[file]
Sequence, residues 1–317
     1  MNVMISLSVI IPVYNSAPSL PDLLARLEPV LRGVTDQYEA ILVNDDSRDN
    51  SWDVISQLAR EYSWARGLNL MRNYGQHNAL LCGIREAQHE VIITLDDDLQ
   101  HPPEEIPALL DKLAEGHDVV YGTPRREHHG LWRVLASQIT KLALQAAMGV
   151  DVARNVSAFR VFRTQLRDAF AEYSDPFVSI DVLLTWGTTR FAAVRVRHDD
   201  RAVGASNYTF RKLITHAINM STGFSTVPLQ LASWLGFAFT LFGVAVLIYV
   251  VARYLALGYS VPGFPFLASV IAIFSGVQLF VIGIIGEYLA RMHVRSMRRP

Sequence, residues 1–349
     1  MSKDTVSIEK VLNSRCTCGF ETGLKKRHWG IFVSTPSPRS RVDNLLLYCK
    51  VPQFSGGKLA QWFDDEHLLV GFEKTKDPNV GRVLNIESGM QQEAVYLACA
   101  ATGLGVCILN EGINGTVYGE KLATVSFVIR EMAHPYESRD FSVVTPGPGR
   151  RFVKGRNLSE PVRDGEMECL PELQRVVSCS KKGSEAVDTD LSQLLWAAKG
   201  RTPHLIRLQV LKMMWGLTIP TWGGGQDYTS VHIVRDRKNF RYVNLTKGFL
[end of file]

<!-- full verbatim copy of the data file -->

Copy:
Sequence, residues 1–317
     1  MNVMISLSVI IPVYNSAPSL PDLLARLEPV LRGVTDQYEA ILVNDDSRDN
    51  SWDVISQLAR EYSWARGLNL MRNYGQHNAL LCGIREAQHE VIITLDDDLQ
   101  HPPEEIPALL DKLAEGHDVV YGTPRREHHG LWRVLASQIT KLALQAAMGV
   151  DVARNVSAFR VFRTQLRDAF AEYSDPFVSI DVLLTWGTTR FAAVRVRHDD
   201  RAVGASNYTF RKLITHAINM STGFSTVPLQ LASWLGFAFT LFGVAVLIYV
   251  VARYLALGYS VPGFPFLASV IAIFSGVQLF VIGIIGEYLA RMHVRSMRRP

Sequence, residues 1–349
     1  MSKDTVSIEK VLNSRCTCGF ETGLKKRHWG IFVSTPSPRS RVDNLLLYCK
    51  VPQFSGGKLA QWFDDEHLLV GFEKTKDPNV GRVLNIESGM QQEAVYLACA
   101  ATGLGVCILN EGINGTVYGE KLATVSFVIR EMAHPYESRD FSVVTPGPGR
   151  RFVKGRNLSE PVRDGEMECL PELQRVVSCS KKGSEAVDTD LSQLLWAAKG
   201  RTPHLIRLQV LKMMWGLTIP TWGGGQDYTS VHIVRDRKNF RYVNLTKGFL